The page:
With the shooting this weekend at the Tree of Life Synagogue in Pittsburg, PA, there is renewed focus on the requirement for employers to have a written emergency action plan.
OSHA’s 1910.38 standard requires that employers with more than 10 workers should train their workers on that plan.
Staffers should be trained to recognize common stress indicators and to notice the objects co-workers are bringing to the workplace, as well as threatening comments made to fellow staffers or posted online.
As reported in OH&S Magazine, Don Moseman, a master instructor for the North Dakota Safety Council, outlined during an NSC 2018 session that 45 percent of these incidents are self-ended (suicide), 45 percent are ended by a victim or observer, and 10 percent are ended by law enforcement intervention. “We need to understand that it’s statistically likely that you will have no help,” he explained.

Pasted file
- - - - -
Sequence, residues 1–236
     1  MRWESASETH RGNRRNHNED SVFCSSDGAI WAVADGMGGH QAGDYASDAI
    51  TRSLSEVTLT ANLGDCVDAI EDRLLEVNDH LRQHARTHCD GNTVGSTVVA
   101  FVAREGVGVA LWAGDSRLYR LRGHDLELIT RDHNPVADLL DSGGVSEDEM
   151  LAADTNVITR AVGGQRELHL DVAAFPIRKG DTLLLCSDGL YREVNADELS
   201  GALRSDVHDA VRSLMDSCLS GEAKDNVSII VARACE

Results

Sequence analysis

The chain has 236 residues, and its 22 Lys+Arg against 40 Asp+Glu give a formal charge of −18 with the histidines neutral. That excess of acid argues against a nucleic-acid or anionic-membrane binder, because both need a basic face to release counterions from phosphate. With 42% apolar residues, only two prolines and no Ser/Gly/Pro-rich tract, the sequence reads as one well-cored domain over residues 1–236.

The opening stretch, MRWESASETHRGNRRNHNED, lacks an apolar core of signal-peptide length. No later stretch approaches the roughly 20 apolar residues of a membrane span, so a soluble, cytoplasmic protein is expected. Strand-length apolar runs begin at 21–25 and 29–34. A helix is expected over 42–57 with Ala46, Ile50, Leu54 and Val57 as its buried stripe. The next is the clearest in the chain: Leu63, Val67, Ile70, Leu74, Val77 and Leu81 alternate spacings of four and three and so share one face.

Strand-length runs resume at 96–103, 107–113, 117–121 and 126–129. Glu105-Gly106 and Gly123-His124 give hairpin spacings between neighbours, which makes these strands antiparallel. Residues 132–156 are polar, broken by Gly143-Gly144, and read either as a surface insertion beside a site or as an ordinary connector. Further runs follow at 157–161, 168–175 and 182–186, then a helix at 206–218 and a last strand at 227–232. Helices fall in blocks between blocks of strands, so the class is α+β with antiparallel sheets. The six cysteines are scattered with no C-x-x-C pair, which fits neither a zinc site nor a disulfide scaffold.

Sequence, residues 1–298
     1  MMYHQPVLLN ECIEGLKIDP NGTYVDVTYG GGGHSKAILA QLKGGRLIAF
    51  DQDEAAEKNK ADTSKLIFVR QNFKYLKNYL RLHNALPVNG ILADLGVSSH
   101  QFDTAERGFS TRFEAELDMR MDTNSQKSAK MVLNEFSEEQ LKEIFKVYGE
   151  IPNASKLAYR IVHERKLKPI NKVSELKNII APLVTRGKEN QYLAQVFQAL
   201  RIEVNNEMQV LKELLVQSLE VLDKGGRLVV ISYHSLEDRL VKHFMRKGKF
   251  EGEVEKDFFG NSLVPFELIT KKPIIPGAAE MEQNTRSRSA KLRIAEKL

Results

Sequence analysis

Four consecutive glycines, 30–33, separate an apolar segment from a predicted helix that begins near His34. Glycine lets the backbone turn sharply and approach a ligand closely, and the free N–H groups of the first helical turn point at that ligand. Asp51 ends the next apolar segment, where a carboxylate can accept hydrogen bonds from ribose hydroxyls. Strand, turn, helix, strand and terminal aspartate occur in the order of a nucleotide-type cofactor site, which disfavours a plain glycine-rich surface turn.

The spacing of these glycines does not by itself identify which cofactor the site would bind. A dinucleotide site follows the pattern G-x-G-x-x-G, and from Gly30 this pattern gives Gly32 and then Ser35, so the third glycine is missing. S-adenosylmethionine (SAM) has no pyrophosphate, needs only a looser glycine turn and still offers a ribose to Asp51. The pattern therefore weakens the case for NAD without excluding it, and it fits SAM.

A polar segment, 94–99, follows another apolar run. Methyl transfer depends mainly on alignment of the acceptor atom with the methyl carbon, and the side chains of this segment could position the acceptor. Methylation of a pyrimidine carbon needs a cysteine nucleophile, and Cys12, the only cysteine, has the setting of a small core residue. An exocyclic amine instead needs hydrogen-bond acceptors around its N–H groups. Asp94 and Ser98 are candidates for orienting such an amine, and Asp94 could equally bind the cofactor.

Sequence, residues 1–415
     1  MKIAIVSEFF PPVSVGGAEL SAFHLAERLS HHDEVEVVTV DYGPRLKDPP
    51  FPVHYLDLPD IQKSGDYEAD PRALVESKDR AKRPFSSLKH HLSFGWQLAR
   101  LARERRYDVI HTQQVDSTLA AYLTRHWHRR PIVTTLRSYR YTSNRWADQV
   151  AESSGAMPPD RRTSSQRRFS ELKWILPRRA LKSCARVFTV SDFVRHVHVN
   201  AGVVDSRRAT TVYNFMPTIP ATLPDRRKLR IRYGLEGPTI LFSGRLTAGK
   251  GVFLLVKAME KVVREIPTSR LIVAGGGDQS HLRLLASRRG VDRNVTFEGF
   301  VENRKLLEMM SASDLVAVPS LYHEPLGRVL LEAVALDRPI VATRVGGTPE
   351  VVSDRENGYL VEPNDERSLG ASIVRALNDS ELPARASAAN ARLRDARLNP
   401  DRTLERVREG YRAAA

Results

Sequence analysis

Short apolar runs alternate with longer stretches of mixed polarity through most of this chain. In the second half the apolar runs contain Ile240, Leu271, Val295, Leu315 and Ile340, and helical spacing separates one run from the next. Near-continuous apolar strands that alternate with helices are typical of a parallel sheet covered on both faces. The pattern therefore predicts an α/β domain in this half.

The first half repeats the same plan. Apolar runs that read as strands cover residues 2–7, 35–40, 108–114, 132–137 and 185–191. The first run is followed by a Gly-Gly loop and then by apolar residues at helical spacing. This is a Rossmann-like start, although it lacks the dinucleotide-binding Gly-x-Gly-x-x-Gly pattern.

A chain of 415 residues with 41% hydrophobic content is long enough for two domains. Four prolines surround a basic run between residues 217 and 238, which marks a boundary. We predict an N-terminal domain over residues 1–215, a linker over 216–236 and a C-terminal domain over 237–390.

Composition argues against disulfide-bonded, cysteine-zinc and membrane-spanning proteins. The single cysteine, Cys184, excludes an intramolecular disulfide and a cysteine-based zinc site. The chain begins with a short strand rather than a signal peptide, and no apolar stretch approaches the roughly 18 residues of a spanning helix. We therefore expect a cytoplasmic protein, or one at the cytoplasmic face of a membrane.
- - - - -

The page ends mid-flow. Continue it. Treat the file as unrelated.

He said the shooters usually follow a three-step progression:
- They feel trapped, usually because of either family troubles or financial difficulties;
- Their work quality declines, they’re wary of management and co-workers, and they may complain constantly about work and isolate themselves from others; and
- They plan the event, conducting surveillance and research, and most even share what they intend to do with someone else.
Moseman said companies’ policies should address these five key areas:
- Describe what the employer defines as acceptable workplace behavior;
- Outline reporting systems that employees are to use;
- Include the formation of a team to review and investigate complaints;
- Explain how an accused employee will be addressed during the investigation of a complaint against him or her; and
- Address possible outcomes following the investigation.
“Human Resources needs to play an active role in applying the policies”, he said, adding, that “HR departments themselves are often the targets of an employee’s, or a terminated employee’s, anger and potential violence.”